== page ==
So I am leaving on a jet plane but I do know when I am coming back. I don’t particularly want to go but medical and dental appointments need doing and in my never ending struggle to properly take care of myself these commitments must be honored. It does seem more than a little strange to be dreading leaving home (Vancouver) to be going away (Marin County). Particularly since i lived in Marin from 1971 until 2014 and have lived in my Yaletown apartment only since September 18, 2017. But that is what I am feeling and I am in touch with my feeling (psychological speak). Faithful readers will know that I am not traveling via Air Canada and although I quite love Alaska Air there are no direct flights and sitting about in the Seattle airport is a bore. So it is United, in steerage (as I call it) as going first class is a waste of frequent flier miles for a mere two hour flight. Vancouver is the best city to depart from – call trusty Yellow Cab and poof you are there. The facility is workable, the staff friendly and personable. I flirted outrageously with a US Customs Officer whose name was Brown although he was black.
But back briefly to days gone by. Thursday, April 5 marked a Vancouver Symphony performance series called Tea and Trumpets. It was raining, of course, but the Orpheum has a roof so the performance went on as scheduled. The conductor, William Rowson cleans up so well, did he ever look handsome! I ran into him one snowy day on Seymour Street and he told me the he loved my London furry hat, so I felt like I knew him. Christopher Gaze serves as the host and spoke of each piece – he has a wondrous English accent and I do love those English accents. (Please recall that personal trainer, Sir Richard has one). The performance was entitled The Magic ofDance and was it ever magical. Not only the music but dancers from the Goh Ballet performed dressed in the most beautiful costumes. Program notes revealed that Vancouver has been home to the Goat Ballet since 1978. But for me the star of the show was Sean Gao, a seventeen year old violinist. He emerged to perform Vivaldi’s The Four Seasons, and I gasped involuntarily and said aloud: “He has such bearing.” His performance probably surpassed his appearance. All in all a truly memorable experience but this is what happened afterwards. The audience left to join the rain and as I trooped out slowly behind them all I saw Sean with his violin strapped on his back. I excitedly stammered: “That’s the violinist! That’s the violinist.!” Nobody seemed to notice or care but I got around them and caught the poor boy at the traffic light.
Me: Are you the violinist?
He: Yes, I am!
Me: Is this your mother with you?
She: Yes I am!
Me: You must be so proud of him!! He is amazing! I said of him when he walked on stage. “He has such Bearing! That means (I said to him) that you have presence. Your performance matched that impression.
She: Hw works so hard!
Me: You can tell, he must!.Some day you are going to be great, I can tell and I can say that I talked to you in the rain when you were only 17.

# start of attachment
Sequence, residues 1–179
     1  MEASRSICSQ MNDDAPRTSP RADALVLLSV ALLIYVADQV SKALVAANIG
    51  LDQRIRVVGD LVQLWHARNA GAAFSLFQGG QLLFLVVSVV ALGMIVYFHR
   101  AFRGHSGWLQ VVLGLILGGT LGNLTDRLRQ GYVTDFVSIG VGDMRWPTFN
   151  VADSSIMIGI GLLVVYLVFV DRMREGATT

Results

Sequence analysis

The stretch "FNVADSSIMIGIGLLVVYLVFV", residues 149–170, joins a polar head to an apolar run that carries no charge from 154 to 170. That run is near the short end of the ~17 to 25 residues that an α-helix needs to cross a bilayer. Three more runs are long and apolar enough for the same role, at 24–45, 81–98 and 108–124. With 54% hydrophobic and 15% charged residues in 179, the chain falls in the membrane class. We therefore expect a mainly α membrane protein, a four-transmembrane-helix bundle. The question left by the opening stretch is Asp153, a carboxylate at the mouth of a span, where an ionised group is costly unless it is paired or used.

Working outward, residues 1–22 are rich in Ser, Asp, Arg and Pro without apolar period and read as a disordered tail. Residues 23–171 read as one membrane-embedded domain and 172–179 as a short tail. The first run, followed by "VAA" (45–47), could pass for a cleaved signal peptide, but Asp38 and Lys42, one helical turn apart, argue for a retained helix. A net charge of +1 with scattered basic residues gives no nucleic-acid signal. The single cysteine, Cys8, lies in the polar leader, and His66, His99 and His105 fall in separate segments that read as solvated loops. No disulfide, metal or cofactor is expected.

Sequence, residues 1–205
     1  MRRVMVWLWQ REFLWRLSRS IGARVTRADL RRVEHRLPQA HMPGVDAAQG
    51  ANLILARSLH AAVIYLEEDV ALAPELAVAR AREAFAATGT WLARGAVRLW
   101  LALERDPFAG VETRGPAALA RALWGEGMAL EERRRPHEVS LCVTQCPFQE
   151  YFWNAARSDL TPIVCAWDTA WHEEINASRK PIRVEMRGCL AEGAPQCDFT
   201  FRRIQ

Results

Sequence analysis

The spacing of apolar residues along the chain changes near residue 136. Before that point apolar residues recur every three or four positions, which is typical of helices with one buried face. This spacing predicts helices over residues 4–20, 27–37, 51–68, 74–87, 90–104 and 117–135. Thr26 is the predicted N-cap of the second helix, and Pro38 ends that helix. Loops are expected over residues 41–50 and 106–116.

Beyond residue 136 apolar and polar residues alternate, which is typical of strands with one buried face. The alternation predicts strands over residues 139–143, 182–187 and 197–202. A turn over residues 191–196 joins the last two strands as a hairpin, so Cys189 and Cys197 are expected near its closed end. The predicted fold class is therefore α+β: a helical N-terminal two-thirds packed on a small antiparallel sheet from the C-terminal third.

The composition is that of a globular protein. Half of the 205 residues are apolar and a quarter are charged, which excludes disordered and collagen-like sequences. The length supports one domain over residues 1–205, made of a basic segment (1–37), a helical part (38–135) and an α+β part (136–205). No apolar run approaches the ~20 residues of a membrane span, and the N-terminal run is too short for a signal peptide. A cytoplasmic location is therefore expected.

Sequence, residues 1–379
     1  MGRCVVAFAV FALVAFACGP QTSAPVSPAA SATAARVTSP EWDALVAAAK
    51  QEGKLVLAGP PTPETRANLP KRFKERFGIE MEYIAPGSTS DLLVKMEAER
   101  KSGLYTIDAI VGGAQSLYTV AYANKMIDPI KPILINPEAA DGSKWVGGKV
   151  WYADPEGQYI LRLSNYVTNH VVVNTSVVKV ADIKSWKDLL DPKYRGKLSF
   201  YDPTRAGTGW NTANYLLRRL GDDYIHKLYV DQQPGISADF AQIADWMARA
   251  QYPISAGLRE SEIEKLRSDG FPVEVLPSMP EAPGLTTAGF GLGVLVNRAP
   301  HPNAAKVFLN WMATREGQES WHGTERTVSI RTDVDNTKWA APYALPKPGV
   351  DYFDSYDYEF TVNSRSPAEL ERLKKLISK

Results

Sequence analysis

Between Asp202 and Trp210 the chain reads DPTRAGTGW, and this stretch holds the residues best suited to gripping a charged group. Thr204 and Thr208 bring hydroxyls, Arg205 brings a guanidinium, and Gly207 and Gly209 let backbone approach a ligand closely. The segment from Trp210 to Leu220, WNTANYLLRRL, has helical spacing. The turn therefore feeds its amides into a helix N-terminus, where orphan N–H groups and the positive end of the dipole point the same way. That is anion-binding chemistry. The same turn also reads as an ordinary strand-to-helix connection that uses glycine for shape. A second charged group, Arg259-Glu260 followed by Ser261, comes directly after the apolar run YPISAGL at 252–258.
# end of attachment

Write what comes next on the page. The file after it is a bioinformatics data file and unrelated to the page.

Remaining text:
He and His Mother: Thank You, Thank You.
Me: You are so welcome. Thank you for all your work and thank you for raising such a fine son.
The program notes reveal that Sean Gao began studying with his father at the age of six and has been studying with Nicholas Wright the Concertmaster of the Vancouver Symphony since 2014. So that must mean that Sean Gao lives in Vancouver, just like me. Hahahahaha. But I cannot play the violin, the harmonica or even a comb. But there is a bigger question. Why was the only one that spoke to this boy and his mother? The other people just shuffled along looking rather miserable. Now they are old, most of the afternoon concert consists of retired people – but I am old and retired. I can never know the answer to that question and I guess, in the long run, I do not care. It does, after all, just make me look better. That is not at all why I spoke to Sean and his mother (some grouchy people might say). He and his mother deserved the praise.
I spent Saturday glamorizing myself for the trip to California, so it was to Amy for the nails and then to Vicky for the blow dry. On my way out the back door of my apartment for the walk to Suki’s a man held the door for me:
He: There she is! The Legend!
Me: Thank You. It is going in the blog!
I did politely curtesy and thought to myself.
Me: Boy, it will be a relief to go to Marin and be anonymous
Alter Ego: But that is weird, you lived in Marin for years and years. You worked there and did contribute to the community in many ways.
Me: I know that. It is weird. I do not know what happened here. I am Infamous.
But I am also dumb. I did not think to take a picture of Sean Gao or his mother and I did not give them a blog card. I realized my error and rushed to take their picture. In the far distance of the picture attached to this blog of a parking lot, there is a yellow violin case, The guy carrying it is Sean Gao.
I exchanged texts with Hottie.
He: Have a great trip and a safe flight. Don’t do anything I wouldn’t do.
Me: That leaves me a lot of leeway. Hahahahaha.
Me: Working on it! Stocked up on rye on sale at airport!
He: Perfect Start
I always tell the truth and this just happened. I am in Marin in bed (I always write in bed). My Instagram sent me a message:
She: You inspire my creativity!
I cannot believe it – for some reason I weep. It is not tears of sorrow. I am overwhelmed in such a profoundly positive way. Yikes!!!!
Soon off to be poked and prodded. If I am an inspiration to a wonderful young women it is best I be around.
Cheers to you Alexis – I just met you at Left Bank in Larkspur, CA. Thank you for your authenticity, vulnerabilty, humor and warm heart. It was a treat to share a few moments today. I wish you all the best as you continue on your journey.